On July 7, 2011, the VA sent Thompson a Certificate of Eligibility ("COE") accurately indicating that he had only 3 months and 8 days of full-time benefits available.2 One day later, however, the VA sent Thompson a second COE erroneously indicating that he had 36 months of full-time benefits remaining. Relying in part on the second COE, Thompson transferred his remaining eligibility to his son so that he could attend the University of South Carolina School of Law, the more expensive of the two schools that he was considering attending.3

After Thompson’s son enrolled, the VA refused to provide 36 months’ worth of benefits, and Thompson alleges that he incurred approximately $50,000 of additional education-related expenses. The Board affirmed the VA, stating that it "has no authority to grant additional benefits on an equitable basis," and noting that only the Secretary has such authority. J.A. 40.

Shortly thereafter, Thompson wrote a letter to the Secretary pleading for equitable relief. The Secretary denied that request, stating that Thompson was not entitled to relief because he was "not denied a benefit due to an error on the part of an employee of the federal government" and did not "suffer a financial loss due to reliance on an incorrect decision by the" VA. J.A. 135.

Meanwhile, the Veterans Court affirmed the Board, reiterating that only the Secretary "has the authority to act upon requests for equitable relief in certain circumstances." Thompson Decision , 2017 WL 914799, at *2, 2017 U.S. App. Vet. Claims LEXIS 335, at *4. The court also expressed sympathy for Thompson’s predicament but determined that it "is bound by the controlling statutes and is without jurisdiction to grant equitable relief." Id. at *1–2, 2016 U.S. App. Vet. Claims LEXIS 1941 at *3–4.

Appellants separately filed timely appeals, which were consolidated before this court.


Appellants argue that the Veterans Court wrongly concluded that it lacks jurisdiction to grant equitable relief. Before addressing the Veterans Court’s jurisdiction, however, we first address our own.

I. Jurisdiction

"This court’s jurisdiction to review decisions by the Veterans Court is limited." Wanless v. Shinseki , 618 F.3d 1333, 1336 (Fed. Cir. 2010). We "shall decide all relevant questions of law, including interpreting constitutional and statutory provisions." 38 U.S.C. § 7292(d)(1) ; see also id. § 7292(a) ; Halpern v. Principi , 384 F.3d 1297, 1300 (Fed. Cir. 2004). Absent a constitutional issue, however, we "may not review (A) a challenge to a factual determination, or (B) a challenge to a law or regulation as applied to the facts of a particular case." 38 U.S.C § 7292(d)(2).

The government asserts that we lack jurisdiction over these appeals because Appellants do not raise a constitutional issue or an issue concerning the validity or interpretation of a statute or regulation that the Veterans Court relied upon in its decisions. But, as the government conceded at oral argument, see Oral Arg. at 20:40–22:37, these appeals require us to interpret the scope of the Veterans Court’s jurisdictional statute, 38 U.S.C. § 7252, an exercise that falls squarely within our jurisdiction, see Maggitt v. West , 202 F.3d 1370, 1374 (Fed. Cir. 2000) ("The jurisdictional reach of the Veterans Court presents a question of law for our plenary review."); see also Bailey v. West , 160 F.3d 1360, 1362 (Fed. Cir. 1998) (en banc) ("Because our review of this decision involves a question of statutory interpretation—namely the ability of the Court of Veterans Appeals to equitably toll a particular statutory time limit and thereby exercise jurisdiction over a late-filed notice of appeal—we have jurisdiction over this matter."). Our review of the Veterans Court’s own interpretation of its jurisdictional statute, moreover, presents "questions of legal interpretation" that are also "clearly within our jurisdiction." Cox v. West , 149 F.3d 1360, 1362 (Fed. Cir. 1998).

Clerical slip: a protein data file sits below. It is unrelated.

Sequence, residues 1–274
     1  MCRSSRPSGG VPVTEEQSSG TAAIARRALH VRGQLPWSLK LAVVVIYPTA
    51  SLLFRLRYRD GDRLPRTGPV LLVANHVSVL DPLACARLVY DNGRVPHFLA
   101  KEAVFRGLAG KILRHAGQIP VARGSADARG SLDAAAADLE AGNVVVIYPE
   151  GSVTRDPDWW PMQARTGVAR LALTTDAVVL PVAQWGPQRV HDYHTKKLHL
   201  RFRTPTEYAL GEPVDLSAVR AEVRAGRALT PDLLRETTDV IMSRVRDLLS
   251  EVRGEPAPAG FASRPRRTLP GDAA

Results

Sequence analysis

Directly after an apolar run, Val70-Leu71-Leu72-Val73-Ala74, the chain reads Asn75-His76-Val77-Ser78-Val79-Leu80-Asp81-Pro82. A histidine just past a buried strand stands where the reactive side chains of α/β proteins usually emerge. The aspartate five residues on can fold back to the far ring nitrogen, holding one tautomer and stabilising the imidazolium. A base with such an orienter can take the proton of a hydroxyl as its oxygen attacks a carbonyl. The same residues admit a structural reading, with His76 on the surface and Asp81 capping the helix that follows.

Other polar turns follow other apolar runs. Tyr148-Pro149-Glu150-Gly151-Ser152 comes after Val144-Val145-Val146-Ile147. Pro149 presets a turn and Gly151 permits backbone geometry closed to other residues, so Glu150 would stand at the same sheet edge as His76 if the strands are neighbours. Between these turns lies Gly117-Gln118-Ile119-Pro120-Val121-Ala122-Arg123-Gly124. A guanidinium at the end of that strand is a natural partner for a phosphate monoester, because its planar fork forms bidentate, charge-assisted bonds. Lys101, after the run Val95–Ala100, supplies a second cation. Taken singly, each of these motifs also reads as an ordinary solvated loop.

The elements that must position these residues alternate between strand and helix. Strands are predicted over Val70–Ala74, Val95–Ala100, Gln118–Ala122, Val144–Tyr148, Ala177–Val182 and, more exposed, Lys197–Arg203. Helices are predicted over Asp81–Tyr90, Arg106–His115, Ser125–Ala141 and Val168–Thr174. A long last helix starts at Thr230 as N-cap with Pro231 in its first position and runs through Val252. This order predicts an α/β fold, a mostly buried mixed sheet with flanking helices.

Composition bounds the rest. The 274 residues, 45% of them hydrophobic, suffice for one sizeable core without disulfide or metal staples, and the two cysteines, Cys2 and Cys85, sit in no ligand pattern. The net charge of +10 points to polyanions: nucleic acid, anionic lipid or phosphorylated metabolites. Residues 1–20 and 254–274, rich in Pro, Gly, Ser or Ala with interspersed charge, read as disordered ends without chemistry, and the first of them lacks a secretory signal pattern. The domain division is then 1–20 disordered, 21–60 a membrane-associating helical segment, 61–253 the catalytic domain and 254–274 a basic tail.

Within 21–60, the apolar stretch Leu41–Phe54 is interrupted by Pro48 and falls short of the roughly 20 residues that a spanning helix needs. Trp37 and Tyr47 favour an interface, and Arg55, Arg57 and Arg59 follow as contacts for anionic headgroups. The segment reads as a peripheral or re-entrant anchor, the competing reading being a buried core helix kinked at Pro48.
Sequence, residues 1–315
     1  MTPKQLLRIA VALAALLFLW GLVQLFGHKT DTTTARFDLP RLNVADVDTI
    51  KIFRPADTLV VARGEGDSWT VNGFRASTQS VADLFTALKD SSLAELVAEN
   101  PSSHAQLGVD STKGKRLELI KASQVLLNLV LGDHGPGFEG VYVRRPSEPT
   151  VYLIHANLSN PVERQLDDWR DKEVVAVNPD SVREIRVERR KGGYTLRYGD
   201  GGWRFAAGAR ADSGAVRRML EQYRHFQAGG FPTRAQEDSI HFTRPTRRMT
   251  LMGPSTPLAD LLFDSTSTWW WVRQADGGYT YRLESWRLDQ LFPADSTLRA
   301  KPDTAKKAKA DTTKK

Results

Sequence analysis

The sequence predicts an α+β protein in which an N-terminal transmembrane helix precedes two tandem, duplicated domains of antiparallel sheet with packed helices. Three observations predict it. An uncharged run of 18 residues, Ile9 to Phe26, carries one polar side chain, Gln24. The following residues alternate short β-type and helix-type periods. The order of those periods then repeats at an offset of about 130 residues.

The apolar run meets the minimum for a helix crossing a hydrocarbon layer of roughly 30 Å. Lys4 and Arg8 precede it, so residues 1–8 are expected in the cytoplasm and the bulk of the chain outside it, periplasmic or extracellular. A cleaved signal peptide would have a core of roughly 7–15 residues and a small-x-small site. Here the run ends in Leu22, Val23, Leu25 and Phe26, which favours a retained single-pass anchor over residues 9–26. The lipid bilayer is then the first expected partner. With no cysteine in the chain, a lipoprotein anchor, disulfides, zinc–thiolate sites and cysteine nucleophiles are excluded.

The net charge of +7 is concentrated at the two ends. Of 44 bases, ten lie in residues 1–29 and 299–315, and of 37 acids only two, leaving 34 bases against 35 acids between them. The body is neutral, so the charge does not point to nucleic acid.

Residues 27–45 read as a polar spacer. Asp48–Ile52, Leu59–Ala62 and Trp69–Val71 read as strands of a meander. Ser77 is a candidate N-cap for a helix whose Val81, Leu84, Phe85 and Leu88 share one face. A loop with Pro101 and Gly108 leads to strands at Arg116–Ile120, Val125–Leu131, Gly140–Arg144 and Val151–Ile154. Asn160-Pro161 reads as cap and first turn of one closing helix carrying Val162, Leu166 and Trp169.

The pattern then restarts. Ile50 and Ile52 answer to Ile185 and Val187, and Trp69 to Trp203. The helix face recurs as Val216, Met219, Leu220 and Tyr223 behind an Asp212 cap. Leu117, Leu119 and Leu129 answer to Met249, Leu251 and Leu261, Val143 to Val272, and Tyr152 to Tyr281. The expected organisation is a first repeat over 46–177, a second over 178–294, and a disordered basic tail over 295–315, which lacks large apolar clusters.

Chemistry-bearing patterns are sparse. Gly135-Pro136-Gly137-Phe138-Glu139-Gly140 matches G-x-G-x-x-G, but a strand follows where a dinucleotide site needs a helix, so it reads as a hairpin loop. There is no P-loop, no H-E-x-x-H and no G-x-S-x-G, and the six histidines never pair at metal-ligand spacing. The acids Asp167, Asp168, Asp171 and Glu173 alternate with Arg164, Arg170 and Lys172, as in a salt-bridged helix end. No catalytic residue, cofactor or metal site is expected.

With respect to Burris, the government additionally argues that his appeal amounts to an impermissible request for an advisory opinion insofar as he argues that the Veterans Court may review the Secretary’s denial of equitable relief under § 503, because Burris failed to petition the Secretary for such relief before filing his appeal to the Veterans Court. We disagree. Burris does not argue that the Veterans Court has jurisdiction to review the Secretary’s discretionary decisions under § 503 ; he assumes it does not for purposes of his appeal. Instead, he argues that the Veterans Court itself has jurisdiction to grant the equitable relief that he seeks. Thus, that Burris did not seek equitable relief before filing his appeal to the Veterans Court does not render his appeal to this court a request for an advisory opinion.

With respect to Thompson, the government additionally argues that his appeal requires us to weigh the equities of his case, which we may not do. Again, we disagree. Thompson does not request that we address the merits of the Veterans Court’s decision, and, in fact, he...